Additionally, the present invention relates to a method of generating a frequency modulation (FM) multioperator tone. The method includes the steps of providing a plurality of virtual operators corresponding to respective time slots, each of the plurality of virtual operators providing respective operator outputs; storing the operator output of one of the plurality of virtual operators; and, using the operator output of the one of the plurality of virtual operators as a modulation input for a next sequential virtual operator of the plurality of virtual operators.
FIG. 1, labeled prior art, is a functional block diagram of a tone signal generator.
FIG. 2 is a functional block diagram of a tone signal generator in accordance with the present invention.
FIG. 3 is a schematic block diagram of a tone signal generator in accordance with the present invention.
FIG. 4 is a schematic block diagram of a control circuit of the tone signal generator of FIG. 3.
FIG. 5 is a schematic block diagram of an operator circuit of the tone signal generator of FIG. 3.
FIG. 6 is a schematic block diagram of a sequencer circuit of the control circuit of FIG. 4.
FIG. 7 is a schematic block diagram of a memory of the operator circuit of FIG. 5.
FIGS. 8A, 8B, 8C and 8D are waveform diagrams for waveshapes represented by waveshape sample values stored within the wavetable region of the memory of FIG. 7.
FIG. 9 is a functional block diagram of the operation of the operator structure of the tone signal generator of FIG. 3.
FIG. 10 is a functional block diagram of the operation of the tone signal generator of FIG. 3.
FIG. 11 is a block diagram that pictorially illustrates the multioperator algorithms implemented by the tone signal generator of FIG. 3.
The following description is intended to be illustrative of the invention and should not be taken to be limiting.
FIG. 2 shows a functional block diagram of a tone signal generator for generating a tone signal without the use of feedback. Tone signal generator 14 includes adder 15 coupled to waveform generator 16 coupled to enveloper 17. Waveform generator 16 is also coupled to selector 18. Adder 15 receives a modulation input signal (M(t)) as well as a phase angle input signal (φv). Adder 15 provides the combination of these signals to provide a phase angle signal (φ(t)). In addition to being coupled to waveform generator 16, enveloper 17 receives an amplitude signal (A(t)).
Waveform generator 16 includes a plurality of wave tables. Each wave table storing a waveshape along with variations of each waveshape corresponding to, for example, different amounts of simulated feedback. Each waveshape is stored as a plurality of waveshape samples; consecutive waveshape samples being interpolated between by an interpolator within waveform generator 16 to provide the actual waveshape signal.
Selector 18 receives a scaling parameter signal (SP) as well as a portion of amplitude signal (A(t)). Selector 18 provides a selection value as an output signal. Selector 18 stores a plurality of selection values in respective memory locations. The combination of the scaling parameter signal and the portion of the amplitude signal accesses a memory location within a selection table in selector 18 and thus accesses a particular selection value.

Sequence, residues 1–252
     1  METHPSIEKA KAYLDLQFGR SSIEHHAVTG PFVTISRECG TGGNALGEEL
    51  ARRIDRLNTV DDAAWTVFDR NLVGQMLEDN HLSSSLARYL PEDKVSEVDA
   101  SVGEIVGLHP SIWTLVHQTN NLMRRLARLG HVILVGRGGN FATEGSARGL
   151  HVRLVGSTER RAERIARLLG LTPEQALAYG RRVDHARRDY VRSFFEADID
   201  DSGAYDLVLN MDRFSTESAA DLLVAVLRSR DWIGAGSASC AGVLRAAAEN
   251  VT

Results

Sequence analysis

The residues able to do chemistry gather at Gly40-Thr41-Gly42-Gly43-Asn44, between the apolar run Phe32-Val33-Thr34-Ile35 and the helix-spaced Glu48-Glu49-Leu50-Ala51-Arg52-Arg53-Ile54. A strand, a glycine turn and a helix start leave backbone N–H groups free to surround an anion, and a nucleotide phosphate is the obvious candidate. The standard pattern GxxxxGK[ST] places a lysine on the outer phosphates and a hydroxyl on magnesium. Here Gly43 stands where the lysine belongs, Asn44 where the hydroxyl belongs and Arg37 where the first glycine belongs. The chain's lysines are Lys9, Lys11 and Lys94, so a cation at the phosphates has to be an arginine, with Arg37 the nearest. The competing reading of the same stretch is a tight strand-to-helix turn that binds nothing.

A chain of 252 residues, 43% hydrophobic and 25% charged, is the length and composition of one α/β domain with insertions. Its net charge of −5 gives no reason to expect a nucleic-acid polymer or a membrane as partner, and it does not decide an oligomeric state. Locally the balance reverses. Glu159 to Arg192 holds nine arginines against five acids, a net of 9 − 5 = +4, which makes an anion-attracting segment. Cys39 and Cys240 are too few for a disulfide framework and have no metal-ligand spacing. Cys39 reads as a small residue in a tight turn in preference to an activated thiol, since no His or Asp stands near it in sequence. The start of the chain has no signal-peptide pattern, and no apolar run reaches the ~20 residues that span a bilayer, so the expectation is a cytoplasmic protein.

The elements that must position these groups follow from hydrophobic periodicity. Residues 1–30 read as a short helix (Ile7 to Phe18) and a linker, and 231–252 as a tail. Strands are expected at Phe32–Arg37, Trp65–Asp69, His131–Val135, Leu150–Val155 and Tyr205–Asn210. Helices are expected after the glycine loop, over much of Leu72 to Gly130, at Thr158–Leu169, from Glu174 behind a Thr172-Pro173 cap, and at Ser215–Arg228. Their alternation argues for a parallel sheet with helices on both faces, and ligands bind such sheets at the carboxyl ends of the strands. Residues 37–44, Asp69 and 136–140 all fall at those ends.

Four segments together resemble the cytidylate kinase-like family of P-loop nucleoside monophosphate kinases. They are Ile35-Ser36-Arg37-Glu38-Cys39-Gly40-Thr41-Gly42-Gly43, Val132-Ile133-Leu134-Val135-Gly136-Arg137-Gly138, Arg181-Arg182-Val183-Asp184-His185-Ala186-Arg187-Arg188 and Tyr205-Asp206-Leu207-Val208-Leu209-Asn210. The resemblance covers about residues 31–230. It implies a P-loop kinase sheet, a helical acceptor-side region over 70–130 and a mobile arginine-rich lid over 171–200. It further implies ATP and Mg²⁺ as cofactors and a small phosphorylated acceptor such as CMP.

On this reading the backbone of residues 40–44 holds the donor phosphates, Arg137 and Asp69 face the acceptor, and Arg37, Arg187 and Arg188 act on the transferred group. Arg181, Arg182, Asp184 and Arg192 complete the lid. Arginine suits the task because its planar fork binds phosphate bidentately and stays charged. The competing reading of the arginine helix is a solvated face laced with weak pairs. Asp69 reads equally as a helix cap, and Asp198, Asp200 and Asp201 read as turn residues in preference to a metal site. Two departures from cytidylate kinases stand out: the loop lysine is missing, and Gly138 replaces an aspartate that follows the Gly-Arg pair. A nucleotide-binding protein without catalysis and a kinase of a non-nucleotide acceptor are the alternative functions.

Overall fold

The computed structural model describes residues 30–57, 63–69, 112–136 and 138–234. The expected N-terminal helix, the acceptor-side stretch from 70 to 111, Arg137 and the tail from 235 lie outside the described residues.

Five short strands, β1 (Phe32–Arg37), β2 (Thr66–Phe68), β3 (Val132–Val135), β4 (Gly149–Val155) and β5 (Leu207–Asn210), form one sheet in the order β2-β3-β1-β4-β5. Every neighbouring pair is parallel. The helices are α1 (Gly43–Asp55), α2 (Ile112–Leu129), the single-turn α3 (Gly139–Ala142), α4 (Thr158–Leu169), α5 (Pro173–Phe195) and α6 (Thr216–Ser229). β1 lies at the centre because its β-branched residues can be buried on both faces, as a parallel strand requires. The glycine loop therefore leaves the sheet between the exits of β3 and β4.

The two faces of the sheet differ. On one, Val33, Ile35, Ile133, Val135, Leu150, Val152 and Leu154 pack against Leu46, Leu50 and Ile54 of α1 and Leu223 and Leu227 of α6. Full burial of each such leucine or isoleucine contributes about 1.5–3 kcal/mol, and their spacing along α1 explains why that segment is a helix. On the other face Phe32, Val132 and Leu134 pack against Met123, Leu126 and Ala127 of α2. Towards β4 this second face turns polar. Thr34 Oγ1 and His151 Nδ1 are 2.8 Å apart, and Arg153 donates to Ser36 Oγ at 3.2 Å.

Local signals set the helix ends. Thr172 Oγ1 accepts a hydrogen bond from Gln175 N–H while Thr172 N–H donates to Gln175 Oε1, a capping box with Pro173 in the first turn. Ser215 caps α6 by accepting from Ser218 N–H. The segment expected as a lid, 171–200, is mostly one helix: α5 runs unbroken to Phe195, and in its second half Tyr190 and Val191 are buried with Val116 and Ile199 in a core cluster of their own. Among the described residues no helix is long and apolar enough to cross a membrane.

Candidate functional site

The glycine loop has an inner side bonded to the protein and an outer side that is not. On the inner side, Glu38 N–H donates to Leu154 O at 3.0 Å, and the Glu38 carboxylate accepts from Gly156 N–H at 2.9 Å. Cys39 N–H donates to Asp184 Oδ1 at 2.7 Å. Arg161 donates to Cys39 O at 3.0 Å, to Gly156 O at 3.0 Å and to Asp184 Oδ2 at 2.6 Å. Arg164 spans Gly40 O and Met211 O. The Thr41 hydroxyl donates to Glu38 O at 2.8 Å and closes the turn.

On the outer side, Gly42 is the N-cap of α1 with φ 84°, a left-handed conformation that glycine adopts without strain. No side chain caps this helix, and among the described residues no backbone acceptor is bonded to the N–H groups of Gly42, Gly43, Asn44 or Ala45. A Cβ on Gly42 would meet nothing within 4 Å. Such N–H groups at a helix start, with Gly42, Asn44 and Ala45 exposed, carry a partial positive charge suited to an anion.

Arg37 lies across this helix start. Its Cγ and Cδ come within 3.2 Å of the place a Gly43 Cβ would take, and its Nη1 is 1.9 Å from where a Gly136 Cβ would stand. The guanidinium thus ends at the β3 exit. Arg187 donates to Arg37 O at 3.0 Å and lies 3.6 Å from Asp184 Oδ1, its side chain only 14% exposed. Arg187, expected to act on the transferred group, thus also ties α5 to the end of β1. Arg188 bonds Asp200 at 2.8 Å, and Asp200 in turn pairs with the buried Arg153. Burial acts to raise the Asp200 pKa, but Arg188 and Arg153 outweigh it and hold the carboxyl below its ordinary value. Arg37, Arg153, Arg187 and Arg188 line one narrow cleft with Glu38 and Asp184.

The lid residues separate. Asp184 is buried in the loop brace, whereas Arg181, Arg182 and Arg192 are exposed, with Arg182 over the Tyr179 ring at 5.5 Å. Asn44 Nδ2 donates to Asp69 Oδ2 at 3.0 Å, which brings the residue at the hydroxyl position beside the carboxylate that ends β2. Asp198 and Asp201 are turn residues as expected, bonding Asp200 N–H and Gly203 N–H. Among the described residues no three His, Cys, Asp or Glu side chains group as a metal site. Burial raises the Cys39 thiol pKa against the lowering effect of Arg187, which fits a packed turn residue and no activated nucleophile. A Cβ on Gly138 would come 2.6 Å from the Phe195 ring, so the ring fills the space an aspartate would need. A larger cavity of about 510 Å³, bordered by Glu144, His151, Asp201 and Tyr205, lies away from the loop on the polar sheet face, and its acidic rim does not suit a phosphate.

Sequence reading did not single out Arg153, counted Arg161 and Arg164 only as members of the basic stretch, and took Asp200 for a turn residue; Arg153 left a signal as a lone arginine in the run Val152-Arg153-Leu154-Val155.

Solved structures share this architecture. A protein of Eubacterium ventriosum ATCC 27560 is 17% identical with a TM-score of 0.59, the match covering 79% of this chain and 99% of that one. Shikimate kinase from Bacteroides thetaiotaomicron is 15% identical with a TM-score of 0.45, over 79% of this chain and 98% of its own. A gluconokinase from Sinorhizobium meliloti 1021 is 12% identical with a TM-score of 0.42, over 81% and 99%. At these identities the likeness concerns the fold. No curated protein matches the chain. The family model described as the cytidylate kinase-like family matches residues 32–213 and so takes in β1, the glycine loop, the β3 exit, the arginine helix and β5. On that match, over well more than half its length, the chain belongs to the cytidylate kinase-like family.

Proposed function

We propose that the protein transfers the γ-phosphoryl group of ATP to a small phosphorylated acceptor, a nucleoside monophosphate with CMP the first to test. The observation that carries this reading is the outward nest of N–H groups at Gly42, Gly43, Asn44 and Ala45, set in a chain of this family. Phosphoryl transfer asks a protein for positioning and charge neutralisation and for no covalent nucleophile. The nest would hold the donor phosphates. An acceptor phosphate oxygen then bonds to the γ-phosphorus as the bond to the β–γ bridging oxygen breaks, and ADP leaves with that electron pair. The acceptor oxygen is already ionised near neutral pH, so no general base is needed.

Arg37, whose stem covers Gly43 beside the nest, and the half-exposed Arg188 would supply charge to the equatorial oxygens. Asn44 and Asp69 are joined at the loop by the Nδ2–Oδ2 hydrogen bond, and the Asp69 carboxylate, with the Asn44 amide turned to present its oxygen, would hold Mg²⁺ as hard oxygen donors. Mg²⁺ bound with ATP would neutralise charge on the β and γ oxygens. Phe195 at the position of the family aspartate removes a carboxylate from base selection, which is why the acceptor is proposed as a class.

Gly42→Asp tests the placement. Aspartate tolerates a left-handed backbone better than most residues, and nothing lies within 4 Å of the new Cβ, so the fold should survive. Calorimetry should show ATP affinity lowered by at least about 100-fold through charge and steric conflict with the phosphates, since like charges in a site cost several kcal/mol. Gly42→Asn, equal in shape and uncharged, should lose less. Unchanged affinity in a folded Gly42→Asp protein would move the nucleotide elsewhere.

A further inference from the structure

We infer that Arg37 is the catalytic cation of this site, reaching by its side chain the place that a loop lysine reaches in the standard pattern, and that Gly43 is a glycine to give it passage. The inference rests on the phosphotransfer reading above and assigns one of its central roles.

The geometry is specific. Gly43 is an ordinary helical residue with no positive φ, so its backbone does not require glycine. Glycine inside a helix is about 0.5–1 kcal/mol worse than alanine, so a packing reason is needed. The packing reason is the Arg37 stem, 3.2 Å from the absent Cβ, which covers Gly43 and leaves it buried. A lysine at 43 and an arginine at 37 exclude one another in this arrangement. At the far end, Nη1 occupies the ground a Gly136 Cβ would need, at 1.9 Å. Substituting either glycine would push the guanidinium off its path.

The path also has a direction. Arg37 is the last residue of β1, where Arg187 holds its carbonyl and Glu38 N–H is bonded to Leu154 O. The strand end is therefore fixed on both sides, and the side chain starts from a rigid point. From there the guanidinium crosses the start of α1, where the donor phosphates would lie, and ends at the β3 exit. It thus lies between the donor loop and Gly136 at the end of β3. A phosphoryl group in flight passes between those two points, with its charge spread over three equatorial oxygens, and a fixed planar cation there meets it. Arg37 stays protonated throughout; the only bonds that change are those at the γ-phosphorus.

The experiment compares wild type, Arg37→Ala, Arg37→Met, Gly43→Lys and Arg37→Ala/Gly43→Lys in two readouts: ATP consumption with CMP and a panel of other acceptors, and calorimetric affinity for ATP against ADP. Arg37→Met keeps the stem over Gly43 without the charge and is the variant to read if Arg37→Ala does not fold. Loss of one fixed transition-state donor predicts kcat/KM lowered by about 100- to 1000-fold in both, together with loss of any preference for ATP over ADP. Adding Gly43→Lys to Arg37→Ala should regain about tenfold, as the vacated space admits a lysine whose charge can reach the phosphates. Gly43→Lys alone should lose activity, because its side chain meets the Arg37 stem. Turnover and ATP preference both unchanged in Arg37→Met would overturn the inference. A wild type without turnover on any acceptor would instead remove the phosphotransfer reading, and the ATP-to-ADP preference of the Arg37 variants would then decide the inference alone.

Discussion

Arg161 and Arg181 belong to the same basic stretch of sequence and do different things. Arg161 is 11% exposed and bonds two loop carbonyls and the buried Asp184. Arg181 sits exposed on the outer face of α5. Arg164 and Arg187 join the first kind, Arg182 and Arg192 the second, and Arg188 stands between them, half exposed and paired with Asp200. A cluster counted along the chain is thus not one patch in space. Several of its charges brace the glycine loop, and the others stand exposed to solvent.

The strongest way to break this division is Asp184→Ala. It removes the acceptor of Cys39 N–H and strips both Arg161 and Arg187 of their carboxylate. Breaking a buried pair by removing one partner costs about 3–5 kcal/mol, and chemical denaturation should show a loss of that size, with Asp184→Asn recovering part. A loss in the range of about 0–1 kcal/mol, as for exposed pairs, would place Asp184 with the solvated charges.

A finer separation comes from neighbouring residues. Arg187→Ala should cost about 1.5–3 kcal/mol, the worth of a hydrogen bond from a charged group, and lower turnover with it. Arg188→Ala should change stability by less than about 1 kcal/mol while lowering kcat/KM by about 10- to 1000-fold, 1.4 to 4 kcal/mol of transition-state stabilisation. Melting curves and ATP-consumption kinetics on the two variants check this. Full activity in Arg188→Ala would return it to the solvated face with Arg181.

Adder 15 produces the phase angle address signal φVM by combining the modulation input signal M(t) with the phase angle input signal φv. The phase angle input signal φVM represents a frequency that characterizes the tone to be generated by tone signal generator 14. The selection value accesses a particular waveshape of a waveshape selected by the waveshape select signal. Phase angle signal φVM accesses a waveshape sample of the particular waveshape.
FIG. 3 shows tone signal generator 20 which implements the functions of tone signal generator 14. Tone signal generator 20 includes control circuit 22, coupled to dual-tone multi-frequency (DTMF) circuit 24 and tone signal generation circuit 26 via multifunction control bus 27. Control circuit 22 is coupled to input/output (I/O) bus 36 which is, for example, a bus which conforms to the Industry Standard Architecture (ISA) bus standard and multifunction control bus 27. DTMF circuit 24 is coupled to and provides a DTMF tone signal to multiplexer (MUX) 28. Tone signal generation circuit 26 is coupled to and provides a tone signal to multiplexer 28 via adder 29. Multiplexer 28 passes one of these tone signals to output register circuit 30, which includes left output register (Lreg) 32 and right output register (Rreg) 34. Left and right output registers 32, 34 hold left and right channel digital output data. The digital tone signals from output registers 32, 34 are supplied to digital to analog converter (DAC) 37 for conversion of the digital output signals to analog output signal. The analog output signal is provided to speaker 38 which converts the analog output signal into sound waves. The digital output data from registers 32, 34 is also fed back to adder 29 which adds this signal to the tone signal which is generated by tone signal generation circuit 26 to provide an operator output signal which is provided to multiplexer 28. Control circuit 22 is also coupled to, and controls, multiplexer 28, adder 29 and output register circuit 30 via a plurality of control signal paths.